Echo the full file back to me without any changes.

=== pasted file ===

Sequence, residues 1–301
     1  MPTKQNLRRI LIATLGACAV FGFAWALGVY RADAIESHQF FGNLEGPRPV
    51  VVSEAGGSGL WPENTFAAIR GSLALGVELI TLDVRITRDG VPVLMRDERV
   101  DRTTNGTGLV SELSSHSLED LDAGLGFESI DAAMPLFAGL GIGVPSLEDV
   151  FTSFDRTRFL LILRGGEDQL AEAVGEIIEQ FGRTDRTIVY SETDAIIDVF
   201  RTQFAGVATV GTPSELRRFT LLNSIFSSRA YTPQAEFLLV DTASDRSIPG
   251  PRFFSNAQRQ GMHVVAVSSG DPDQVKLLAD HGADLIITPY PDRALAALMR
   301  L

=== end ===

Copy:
Sequence, residues 1–301
     1  MPTKQNLRRI LIATLGACAV FGFAWALGVY RADAIESHQF FGNLEGPRPV
    51  VVSEAGGSGL WPENTFAAIR GSLALGVELI TLDVRITRDG VPVLMRDERV
   101  DRTTNGTGLV SELSSHSLED LDAGLGFESI DAAMPLFAGL GIGVPSLEDV
   151  FTSFDRTRFL LILRGGEDQL AEAVGEIIEQ FGRTDRTIVY SETDAIIDVF
   201  RTQFAGVATV GTPSELRRFT LLNSIFSSRA YTPQAEFLLV DTASDRSIPG
   251  PRFFSNAQRQ GMHVVAVSSG DPDQVKLLAD HGADLIITPY PDRALAALMR
   301  L